How to Read Your Tires

Getting new tires but don’t know how to figure out the size?  Filling your tires up with the air they’ve lost in the cold weather but don’t know how much to put in?  Or just want to learn something new?  Well, the information on the sidewall of your tires can be hard to decipher, but we’re here to help show you how to read your tires!

how to read your tire with colors


We’ll start with the numbers that indicate the size of your tire.  The letter “P” labeled in this picture with a green color is the Service Description.  This lets you know what kind of use the tire is intended for.  Obviously it is meant for the road, but there are different letters and combinations they use.  P stands for passenger car, LT stands for light truck, ST is for special trailer, and T stands for temporary.  So, if you have any type of car or SUV (excluding trucks), then your tires will most likely be marked with a P, and if you look at your spare tire for either your car or SUV it will most likely have a T.


The second part is the number “235” labeled with yellow writing in this picture.  This number simply represents the tire width in millimeters up and over the tires tread.


This number “55” is what’s called the aspect ratio.  That ratio is made up of its section height divided by its section width.  We already know its section width is 235 millimeters, so this particular tire’s aspect ratio says that its height is 55% of its width.  The lower the aspect ratio the lower the sidewall height, which makes for better handling.


The next letter “R” refers to its internal construction and stands for radial construction.  You will see an R on 99.9% of tires now-a-days because it’s been the industry standard for about 25 years.  The only exception being certain large trucks that still use Bias-ply tires, represented with a B instead of an R.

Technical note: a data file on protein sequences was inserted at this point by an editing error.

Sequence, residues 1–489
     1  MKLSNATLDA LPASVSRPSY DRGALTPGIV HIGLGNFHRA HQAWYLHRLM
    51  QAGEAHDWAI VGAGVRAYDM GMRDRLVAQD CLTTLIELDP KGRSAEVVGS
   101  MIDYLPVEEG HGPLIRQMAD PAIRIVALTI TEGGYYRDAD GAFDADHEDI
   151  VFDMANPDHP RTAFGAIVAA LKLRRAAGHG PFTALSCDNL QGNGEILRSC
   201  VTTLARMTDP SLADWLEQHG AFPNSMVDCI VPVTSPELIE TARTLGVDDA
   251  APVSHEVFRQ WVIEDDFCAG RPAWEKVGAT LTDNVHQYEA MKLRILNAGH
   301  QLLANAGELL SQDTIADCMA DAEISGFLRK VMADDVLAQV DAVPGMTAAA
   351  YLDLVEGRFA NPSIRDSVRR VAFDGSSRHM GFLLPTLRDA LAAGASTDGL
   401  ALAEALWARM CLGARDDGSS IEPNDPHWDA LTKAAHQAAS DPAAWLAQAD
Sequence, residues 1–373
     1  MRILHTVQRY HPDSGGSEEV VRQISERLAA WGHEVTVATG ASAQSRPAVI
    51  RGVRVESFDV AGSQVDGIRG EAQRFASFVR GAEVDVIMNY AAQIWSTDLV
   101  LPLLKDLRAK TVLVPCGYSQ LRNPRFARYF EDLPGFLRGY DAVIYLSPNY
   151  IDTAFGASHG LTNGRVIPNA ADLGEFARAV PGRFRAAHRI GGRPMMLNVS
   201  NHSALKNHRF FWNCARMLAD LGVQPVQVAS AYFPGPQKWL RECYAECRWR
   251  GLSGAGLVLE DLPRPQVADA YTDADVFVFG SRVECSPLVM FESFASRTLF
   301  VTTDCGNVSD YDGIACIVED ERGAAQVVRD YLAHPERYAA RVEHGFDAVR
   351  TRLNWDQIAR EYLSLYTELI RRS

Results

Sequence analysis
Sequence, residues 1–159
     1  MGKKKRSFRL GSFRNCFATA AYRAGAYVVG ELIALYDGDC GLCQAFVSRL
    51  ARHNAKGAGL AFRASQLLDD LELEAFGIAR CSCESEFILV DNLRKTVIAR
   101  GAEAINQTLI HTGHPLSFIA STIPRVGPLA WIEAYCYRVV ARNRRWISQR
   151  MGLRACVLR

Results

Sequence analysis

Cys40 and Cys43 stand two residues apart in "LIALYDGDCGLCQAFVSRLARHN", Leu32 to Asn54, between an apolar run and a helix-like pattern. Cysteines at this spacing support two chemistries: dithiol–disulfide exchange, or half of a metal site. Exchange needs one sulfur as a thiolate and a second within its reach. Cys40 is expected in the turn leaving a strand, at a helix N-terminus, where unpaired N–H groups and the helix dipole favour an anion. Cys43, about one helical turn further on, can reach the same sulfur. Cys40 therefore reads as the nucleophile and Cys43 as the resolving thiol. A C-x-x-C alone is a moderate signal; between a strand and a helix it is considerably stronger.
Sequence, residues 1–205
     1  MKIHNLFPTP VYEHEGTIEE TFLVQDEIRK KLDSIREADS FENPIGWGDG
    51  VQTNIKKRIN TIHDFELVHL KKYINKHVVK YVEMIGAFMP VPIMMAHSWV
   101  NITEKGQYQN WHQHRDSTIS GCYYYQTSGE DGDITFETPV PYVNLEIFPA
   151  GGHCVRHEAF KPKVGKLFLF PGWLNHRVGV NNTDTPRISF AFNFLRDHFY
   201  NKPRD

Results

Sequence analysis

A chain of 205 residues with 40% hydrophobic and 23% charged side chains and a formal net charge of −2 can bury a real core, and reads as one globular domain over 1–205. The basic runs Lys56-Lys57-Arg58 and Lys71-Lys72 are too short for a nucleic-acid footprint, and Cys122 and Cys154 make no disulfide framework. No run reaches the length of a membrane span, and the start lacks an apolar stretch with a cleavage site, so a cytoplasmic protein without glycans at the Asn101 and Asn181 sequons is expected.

This number, 19 in our case, stands for the rim diameter in inches.  This means that this tire will only fit on a 19-inch rim.


The next marking is kind of a two-in-one.  The number that comes first represents the tires load index.  And a tire’s load index is exactly what it sounds like: how much weight can that one tire carry.  So, from here you need to do two things.  First, you need to look at your number on the Load-Carrying Capacity Per Tire chart.  According to the chart, our number 101 can carry 1,819 pounds.  Secondly, you need to multiply that number by the number of tires on your vehicle to get a total amount of load capacity you can carry.  So, the vehicle that this tire belongs to would have a maximum carrying capacity of 7,276 lbs.

The second part of this marking is a letter; a V in this case but it may be different on your vehicle.  This letter indicates the speed rating.  And just as you had to refer to a chart with the number, you have to do the same for the letter although this chart is not as extensive and can be seen below.

Here is a complete list of the various tire speed ratings, and their associated letters:
S = 112 mph
T = 118 mph
U = 124 mph
H = 130 mph
V = 149 mph
*Z = Over 149 mph
W = 168 mph
Y = 186 mph
(Y) = Over 186 mph

*Used to be the highest rating

The number that corresponds with V is 149 mph.  That means that this tire can handle speeds up to 149 mph for a sustained period of time.  If you go above that speed your tires won’t necessarily explode but it is certainly not recommended for safe driving.


The final marking on this part of the tire simply means it is rated for severe snow to read your tire DOT

The next set of markings aren’t really necessary to know how to read your tires – but may be interesting at the same time – are important to the Department of Transportation (DOT) and are referred to as the Tire Identification Number (TIN).  The TIN is made up of sets of letters and numbers.  The first two letters/numbers are always representative of the manufacturing plant.  Each plant gets a two digit code – whether it’s one number and one letter, both numbers, or both letters – and it will always be the first two markings you see to the right of DOT.  The next part will be a two digit code indicating the tire size.  The middle four letters, JAIR in our case, identify the tire brand.  And finally the last four numbers tell you what week and year the tire was made.  For our example, it was made during the 37th week of the year 2006.

There are certainly other numbers on the sidewall of your tires including maximum tire pressure (which is not the same as recommended tire pressure), temperature rating, traction rating and others.  These are just making you aware that the tire, if used outside of those specifications, may not perform favorably.

Leave A Reply